Neuroscientists, especially those of us trained in the Anglo-American tradition, tend to be as mechanically materialist as was "Darwin's bulldog", Thomas Huxley, in the 19th century, when he remarked that mind is to brain as the whistle is to the steam train - a mere epiphenomenon. Thoughts, feelings, intentions, reasons - all are causally generated by brain processes, and it is these latter that do the real business. Hence for Francis Crick, "you are nothing but a pack of neurons", free will is located in the cingulate gyrus, and consciousness in the claustrum - two small regions of the human brain's massive cerebral cortex.
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Most Recent Customer Reviews
5.0 out of 5 stars Damasio Does It Again!
Damasio is a fantastic writer, combining both science and theory. He makes neuroscience readable to the layman and treats the subject matter with insight and knowledge. Read more
Published 2 days ago by Charhar2
1.0 out of 5 stars I trashed the book!
I am disappointed. In the author and how information was organized and presented. Not progressive enough. Read more
Published 22 days ago by Amber B Skylar
4.0 out of 5 stars Putting the AI homunculus to rest
The book is tremendously interesting and well written. The question of how to avoid a homunculus in the brain has long been an
important problem for philosophy and even a more... Read more
Published 26 days ago by J. Eilbert
5.0 out of 5 stars I knew what I was getting into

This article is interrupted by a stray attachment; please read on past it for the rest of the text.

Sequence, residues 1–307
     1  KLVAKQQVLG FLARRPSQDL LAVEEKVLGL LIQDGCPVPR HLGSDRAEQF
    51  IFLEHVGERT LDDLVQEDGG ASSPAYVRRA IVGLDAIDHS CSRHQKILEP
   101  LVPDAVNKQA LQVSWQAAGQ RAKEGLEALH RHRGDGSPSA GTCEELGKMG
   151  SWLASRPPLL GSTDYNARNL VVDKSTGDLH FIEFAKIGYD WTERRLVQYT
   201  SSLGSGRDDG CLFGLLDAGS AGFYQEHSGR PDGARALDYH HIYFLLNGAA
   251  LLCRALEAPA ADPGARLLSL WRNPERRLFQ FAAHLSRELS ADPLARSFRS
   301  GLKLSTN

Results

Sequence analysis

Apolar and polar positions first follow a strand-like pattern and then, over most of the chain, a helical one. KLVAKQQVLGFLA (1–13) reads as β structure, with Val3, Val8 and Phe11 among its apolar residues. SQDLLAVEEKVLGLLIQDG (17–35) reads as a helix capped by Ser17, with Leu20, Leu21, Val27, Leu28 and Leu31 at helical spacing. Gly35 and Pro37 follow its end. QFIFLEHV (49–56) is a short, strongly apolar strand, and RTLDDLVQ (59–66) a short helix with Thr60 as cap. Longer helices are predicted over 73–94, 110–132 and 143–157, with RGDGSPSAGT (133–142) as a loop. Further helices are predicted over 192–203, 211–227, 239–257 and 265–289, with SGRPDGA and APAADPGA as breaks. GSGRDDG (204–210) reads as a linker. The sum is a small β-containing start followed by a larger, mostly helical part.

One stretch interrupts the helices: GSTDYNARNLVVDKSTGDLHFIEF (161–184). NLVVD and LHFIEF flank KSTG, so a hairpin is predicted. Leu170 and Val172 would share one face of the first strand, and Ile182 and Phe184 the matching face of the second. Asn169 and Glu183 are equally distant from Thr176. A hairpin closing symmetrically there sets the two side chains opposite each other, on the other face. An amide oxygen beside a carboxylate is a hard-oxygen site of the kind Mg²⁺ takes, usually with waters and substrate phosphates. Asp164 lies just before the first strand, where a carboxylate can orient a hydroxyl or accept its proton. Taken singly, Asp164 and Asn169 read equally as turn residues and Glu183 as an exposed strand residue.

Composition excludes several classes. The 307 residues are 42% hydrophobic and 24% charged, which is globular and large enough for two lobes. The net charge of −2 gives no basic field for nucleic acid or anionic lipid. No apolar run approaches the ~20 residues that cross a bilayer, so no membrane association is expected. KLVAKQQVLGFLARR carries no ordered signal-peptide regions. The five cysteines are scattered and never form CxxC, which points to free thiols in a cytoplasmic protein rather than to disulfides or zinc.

I bought this book because I had already read it, and I couldn't stop thinking about it. A fascinating read, it does get challenging in parts, but if you are interested in learning... Read more
Published 3 months ago by Diana Stutzman
4.0 out of 5 stars The book is interesting in its hypothesis. I wish that it had a little...
Damasio is a well known neurologist. I believe that this book reflects an attempt to describe a unitary theory of the mind and how it works. Read more
Published 3 months ago by Four eye Tex
4.0 out of 5 stars Very interesting read
In his book “Self Comes to Mind,” Antonio Damasio explores how consciousness is created, more precisely how the human brain needs to be structured and how it should operate for... Read more
Published 4 months ago by Lauren Zigman
5.0 out of 5 stars Great clarity not just on this complex topic, but on how he addresses...
Consciousness is a tricky and complex topic to write about for any author. Damasio's works are, like this one, consistently clear not just on the topic at hand, but on what he's... Read more
Published 4 months ago by J Santiago
4.0 out of 5 stars Finding Your Self
Antonio Damasio is an internationally acclaimed icon within the field of cognitive and behavioral neuroscience. Read more
Published 4 months ago by Monica Gentchev
5.0 out of 5 stars Consciousness, a Logical Phenomenon
Consciousness has always been slightly avoided in the history of brain research. Some say, rightfully so, this is because no one knows what human life was like before... Read more
Published 4 months ago by Chris
3.0 out of 5 stars Mostly Unenlightening
This book describes many aspects of human minds in ways that aren't wrong, but the parts that seem novel don't have important implications. Read more
Published 4 months ago by Peter McCluskey